Oh, the stories the Schram/Duggan clan can tell about pack mules, the backcountry and Mother Nature.

Seated around the kitchen table, Julie Schram, her daughter Christy Schram-Duggan and husband Ed Duggan fire off anecdotes about years of packing so quickly it’s tough to keep them straight. One involves packing in four boxes of dynamite, detonation cords and blasting caps, making sure that the explosives were on different mules.

“Pete had the biggest load — we put 220 pounds on him because the rock drill weighed 110 pounds and we needed to keep it even,” Schram recalls. “We ended up going 22 miles and the last mile and a half they had snowdrifts up to their bellies. What happened was, there was a landslide and we couldn’t go where the trail went, so we had to go down to this deep, steep spot with drifts still there. This was around the Fourth of July!”

With the easy banter of family, they finish each other’s sentences while sipping coffee and tea.

“We packed a 6-foot ladder in one time,” Duggan said.

“That was awkward,” Schram-Duggan adds, laughing.

“And then there was the 8-by-10-foot roll of canvas that we couldn’t fold up,” Duggan said. “We took the pack boxes, loaded them up and put the roll on the pack box. It stuck out past the mule’s head and past her tail. We packed it on Lady — she looked at us like ‘Really?’”

They’ve packed mules since they were in their teens, and all are members of the Bitter Root Back Country Horsemen, which works with the U.S. Forest Service to help maintain trails. They’re also volunteers with the Montana Wilderness Association, packing in tools — and lots of food — for crews as they take care of those places where mechanized equipment isn’t allowed.

“MWA is a fun group, and have people come in from all over the country to work on the trails,” Duggan said.

“Remember the guy from New York last year?” Schram-Duggan adds. “And the guy from Texas who was a vegan? He was hard to wrap your head around. He’s from Texas and doesn’t eat meat?”

All three agree that the trail crews do amazing work, so they were surprised last week when they were honored by the MWA with the 2017 Continental Divide Trail Crew Volunteer award. Sonny Mazzulo, the MWA stewardship coordinator, noted that Schram and her late husband Dave have been helping out since 2008, and after Dave died in 2016, Schram, Schram-Duggan and Duggan picked up the slack.

“They’re damn good people,” Mazzullo said. “Much of the Forest Service and BLM’s highest priority trail work is deep in the backcountry. Without the support of Backcountry Horsemen like the Schram-Duggan family, MWA would be unable to get crews into these areas to work.”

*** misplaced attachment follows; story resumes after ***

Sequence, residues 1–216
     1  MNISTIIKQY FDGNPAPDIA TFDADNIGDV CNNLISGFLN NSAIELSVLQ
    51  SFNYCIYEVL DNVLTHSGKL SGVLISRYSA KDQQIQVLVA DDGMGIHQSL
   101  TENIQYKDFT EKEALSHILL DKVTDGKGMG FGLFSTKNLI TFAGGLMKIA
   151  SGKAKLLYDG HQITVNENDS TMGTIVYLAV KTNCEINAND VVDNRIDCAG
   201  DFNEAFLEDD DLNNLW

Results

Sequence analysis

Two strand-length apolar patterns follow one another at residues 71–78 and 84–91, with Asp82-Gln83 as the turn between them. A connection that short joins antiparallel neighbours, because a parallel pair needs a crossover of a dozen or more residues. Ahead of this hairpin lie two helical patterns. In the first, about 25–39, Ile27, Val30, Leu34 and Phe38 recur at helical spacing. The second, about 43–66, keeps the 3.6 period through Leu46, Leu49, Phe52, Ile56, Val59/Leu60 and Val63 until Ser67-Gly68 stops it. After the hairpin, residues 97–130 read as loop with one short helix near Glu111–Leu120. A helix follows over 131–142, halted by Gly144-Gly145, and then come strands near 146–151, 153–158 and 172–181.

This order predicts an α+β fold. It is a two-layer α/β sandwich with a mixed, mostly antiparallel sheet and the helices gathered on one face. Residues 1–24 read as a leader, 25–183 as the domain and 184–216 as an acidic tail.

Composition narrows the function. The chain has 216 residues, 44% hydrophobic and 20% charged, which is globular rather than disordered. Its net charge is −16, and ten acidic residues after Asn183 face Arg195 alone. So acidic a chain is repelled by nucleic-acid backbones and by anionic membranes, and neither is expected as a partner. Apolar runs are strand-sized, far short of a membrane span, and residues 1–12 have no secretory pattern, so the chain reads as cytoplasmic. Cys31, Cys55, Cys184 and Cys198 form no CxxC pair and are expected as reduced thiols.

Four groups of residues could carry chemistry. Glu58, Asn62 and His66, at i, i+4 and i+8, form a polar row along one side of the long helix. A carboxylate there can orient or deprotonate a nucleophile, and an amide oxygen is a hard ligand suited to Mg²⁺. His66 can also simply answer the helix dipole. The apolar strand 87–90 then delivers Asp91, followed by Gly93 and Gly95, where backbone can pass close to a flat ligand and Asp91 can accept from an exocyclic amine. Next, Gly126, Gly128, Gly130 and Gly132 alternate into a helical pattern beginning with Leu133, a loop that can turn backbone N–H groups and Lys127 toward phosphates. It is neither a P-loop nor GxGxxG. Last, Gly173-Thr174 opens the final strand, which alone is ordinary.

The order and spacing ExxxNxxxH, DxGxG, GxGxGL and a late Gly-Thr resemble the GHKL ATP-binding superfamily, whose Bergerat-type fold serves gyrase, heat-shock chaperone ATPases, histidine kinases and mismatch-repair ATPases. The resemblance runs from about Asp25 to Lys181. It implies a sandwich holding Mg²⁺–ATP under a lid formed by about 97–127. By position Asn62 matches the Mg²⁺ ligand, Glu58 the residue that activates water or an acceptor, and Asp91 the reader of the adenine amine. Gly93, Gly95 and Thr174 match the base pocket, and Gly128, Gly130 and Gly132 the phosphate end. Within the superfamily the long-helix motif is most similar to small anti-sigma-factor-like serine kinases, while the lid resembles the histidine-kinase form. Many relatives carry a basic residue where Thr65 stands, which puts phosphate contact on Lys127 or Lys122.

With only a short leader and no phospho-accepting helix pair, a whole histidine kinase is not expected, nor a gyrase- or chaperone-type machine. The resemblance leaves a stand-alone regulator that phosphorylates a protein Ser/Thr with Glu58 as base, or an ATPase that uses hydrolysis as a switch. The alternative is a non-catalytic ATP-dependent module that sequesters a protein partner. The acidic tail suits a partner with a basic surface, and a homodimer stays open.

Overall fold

The award also included Schram-Duggan’s two sons, John Renner, 10, and Beau Duggan, 12.

“The award caught us totally off guard,” Schram-Duggan said. “When he said our name, he had to coax us to go up there for the award. I was like, ‘Crap, we have to stand up.’”

They modestly counter that without the trail crews and their fellow High Country Horsemen groups, many hikers and horseback riders wouldn’t be able to get into backcountry.

“They do amazing work. Sometimes we ride in on a rough trail, and come in the next week to pack them out and you can’t tell it’s the same trail,” Schram-Duggan said.

Last summer, they packed in four out of the five Continental Divide trail projects; the fifth began at the trailhead. They take in bear-proof metal food boxes, most of the crews’ personal gear, tools and beverages. If the trail is 8 miles or less, they’ll drop off the items, stick around for lunch, then head home. If it‘s one of the longer trips — like 22 miles — they stay overnight.

“Packing is a skill and an art rolled together,” Duggan notes.

When the trail crews are finished, the family makes the return trip to pack them out.

“And we always have cold beer for them when they come out,” Duggan said.

“And Gatorade, and Power-Ade,” Schram-Duggan added.

They typically pack in with anywhere from six to nine mules and a handful of horses. In their pasture on a cold winter morning, where Schram-Duggan is the sixth generation, the livestock nuzzle them for scratches or watch warily.

Duggan says the mules all have distinct personalities. Lady is an old Forest Service mule and a “diva” who hates getting loaded but who is one of the best on the trail. Joe gets offended if he’s not carrying the tool box, and will hit every tree on his way down the trail until he gets it. And don’t put Pete and Joe together on the string.

“One will go one way around a tree and the other goes the other way,” Duggan said. “With mules, especially these characters, they’ll do things just because it’s quiet or boring.”

And after listening to their stories and laughter, it’s clear that the Schram-Dugan clan takes after their mules more than they’d like to admit.

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